Strength of the pound means that you could get more for your holiday money

The Momentum UK Team 08 May 2012

The accelerated exchange rate of the pound against other currencies mean that it could be a fruitful time for Brits looking to purchase their travel money, according to expert opinions.

The value of the Euro has decreased rapidly due to the Eurozone crisis. This has fuelled estimations that holidaymakers could gain more for their pound than recent years. Last Summer, customers buying £100 of Euros would receive approximately €111 whereas at current exchange rates they would be likely to get around €122.

The dollar rate has also seen a boost in the sterling's favour and travellers could find themselves receiving $160 dollars for £100 as opposed to approximately $142 last year.

Some experts have encouraged those taking a holiday later in the year to buy their travel money sooner rather than later, cashing in on the currency rate boost. Director of, Stephen Hughes has described the pound’s current state as “the best it has been for years against all other major currencies”.

He went on:

“With that in mind we would advise those looking to exchange sterling to be wary of the recent pound strength and look to exchange as soon as possible.”

However, other experts have predicted that this increase could mark the beginning of further movements to come. Chris Towner of HiFX brokers stated:

“Buying euros must be tempting right now, but I think the UK economy is in much better shape than the eurozone so there may be more of a rally to come.”

Although the currency buying trend tends to be exchanging currencies at walk-up services, returns could be even greater for travellers who decide to pre-order their holiday money online and collect at the airport. Ollan Kerrison, currency expert at Moneycorp explicated that while airports are often the most convenient place to pick up currencies, they may not offer the best rate:

“While the price of currency at these locations is not very competitive because of the relative convenience, you can get a better rate by reserving online before you fly (sometimes only minutes before you pick up your currency). It's free to do so, and you'll usually get the online rate as opposed to the airport rate.”

Research conducted by Moneycorp reiterated that customers who pre order their currency and then pick it up at the airport could receive around  €598 for £500 compared to approximately €548 at airport walk-up services as you would be receiving the online rate.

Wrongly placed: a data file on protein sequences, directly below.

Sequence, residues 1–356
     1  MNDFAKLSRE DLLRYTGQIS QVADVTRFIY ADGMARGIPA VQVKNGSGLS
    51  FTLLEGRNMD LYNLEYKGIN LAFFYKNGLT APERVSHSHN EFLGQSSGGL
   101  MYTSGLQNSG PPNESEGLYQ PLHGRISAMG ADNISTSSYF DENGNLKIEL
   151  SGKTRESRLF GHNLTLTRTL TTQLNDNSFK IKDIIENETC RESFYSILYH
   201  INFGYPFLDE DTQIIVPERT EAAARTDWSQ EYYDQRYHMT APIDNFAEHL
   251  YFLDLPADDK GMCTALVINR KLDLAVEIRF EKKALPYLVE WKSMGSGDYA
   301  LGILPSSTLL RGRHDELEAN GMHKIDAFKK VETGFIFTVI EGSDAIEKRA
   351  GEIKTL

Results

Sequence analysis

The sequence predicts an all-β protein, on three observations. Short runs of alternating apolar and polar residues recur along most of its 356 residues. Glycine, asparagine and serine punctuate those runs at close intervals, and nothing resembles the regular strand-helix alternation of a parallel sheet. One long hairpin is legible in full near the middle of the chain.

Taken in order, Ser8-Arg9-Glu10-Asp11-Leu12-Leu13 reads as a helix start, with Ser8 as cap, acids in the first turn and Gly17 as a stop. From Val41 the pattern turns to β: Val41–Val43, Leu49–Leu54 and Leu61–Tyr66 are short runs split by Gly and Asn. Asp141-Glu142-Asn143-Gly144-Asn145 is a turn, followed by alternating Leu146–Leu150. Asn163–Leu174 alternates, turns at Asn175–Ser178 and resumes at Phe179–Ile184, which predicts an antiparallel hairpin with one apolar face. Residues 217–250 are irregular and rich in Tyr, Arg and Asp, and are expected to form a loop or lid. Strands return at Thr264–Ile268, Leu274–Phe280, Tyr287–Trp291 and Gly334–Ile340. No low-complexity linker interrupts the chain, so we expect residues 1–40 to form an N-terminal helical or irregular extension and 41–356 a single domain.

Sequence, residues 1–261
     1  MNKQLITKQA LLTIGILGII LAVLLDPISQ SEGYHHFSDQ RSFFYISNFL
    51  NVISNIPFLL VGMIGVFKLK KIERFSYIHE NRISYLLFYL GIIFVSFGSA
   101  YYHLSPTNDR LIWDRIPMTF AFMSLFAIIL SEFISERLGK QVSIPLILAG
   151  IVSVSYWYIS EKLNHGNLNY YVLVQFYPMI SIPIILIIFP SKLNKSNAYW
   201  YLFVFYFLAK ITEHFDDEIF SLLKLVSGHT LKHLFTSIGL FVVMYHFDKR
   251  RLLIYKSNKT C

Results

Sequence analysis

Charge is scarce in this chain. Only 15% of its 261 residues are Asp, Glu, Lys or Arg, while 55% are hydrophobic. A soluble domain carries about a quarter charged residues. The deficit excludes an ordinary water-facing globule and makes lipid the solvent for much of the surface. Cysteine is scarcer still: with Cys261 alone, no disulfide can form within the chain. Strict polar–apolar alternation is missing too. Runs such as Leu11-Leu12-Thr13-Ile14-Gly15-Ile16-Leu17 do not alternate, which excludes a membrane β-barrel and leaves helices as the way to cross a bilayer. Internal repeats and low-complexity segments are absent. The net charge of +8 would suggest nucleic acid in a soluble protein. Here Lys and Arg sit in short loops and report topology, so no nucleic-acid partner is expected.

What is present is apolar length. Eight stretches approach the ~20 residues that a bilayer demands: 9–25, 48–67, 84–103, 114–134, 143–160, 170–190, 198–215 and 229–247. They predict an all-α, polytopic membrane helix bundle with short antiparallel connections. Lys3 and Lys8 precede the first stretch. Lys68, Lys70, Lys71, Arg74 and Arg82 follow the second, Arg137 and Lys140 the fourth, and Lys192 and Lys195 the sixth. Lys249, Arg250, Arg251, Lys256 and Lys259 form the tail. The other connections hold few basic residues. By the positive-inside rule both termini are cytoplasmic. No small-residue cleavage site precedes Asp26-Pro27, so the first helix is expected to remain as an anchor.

There are a number of methods buyers can use in order to ‘lock in’ on current rates. Purchasing prepaid currency cards could be a cost-effective way of securing exchange rates. Consumers can load an amount of their choice onto a card which can then be used in outlets and ATMs abroad. The benefit of buying these while the sterling rate is strong is that amount will be exchanged at the current rates and the amount you receive will remain the same on the card, whether the currency rates fluctuate or not. A number of providers supply these cards including The Post Office, Travelex, Carlton FX, FairFX and Virgin Money.

James Hickson, MD of Carlton FX suggests that moreover than purely locking exchange rates, prepaid cards can also be used as an effective method of budgeting and securing your holiday money:

"One of the main benefits of using a pre-paid card, rather than carrying cash or using your debit card, is that the money on the card is not tied directly to your bank account. This ensures you're able to plan exactly how much cash you take with you as spending money, but also means that should your card be lost or stolen, your overall bank account is protected and a replacement card can quickly be reissued to you, wherever you are in the world."

Credit and debit cards are often favoured by holidaymakers in case of emergencies. However it is important to ensure that you are aware of any charges that may occur for spending on your card abroad. Moneynet’s Andrew Hagger warns:

“The card charges that catch most people out are those levied for card purchases which are subject to the usage fee, plus up to an additional £1.50 transaction fee regardless of the amount.”

Other holiday money saving tips include always choosing the card option to pay in the local currency to avoid poor exchange rates and also paying off your holiday credit card bill when the statement arrives to counteract hefty interest charges.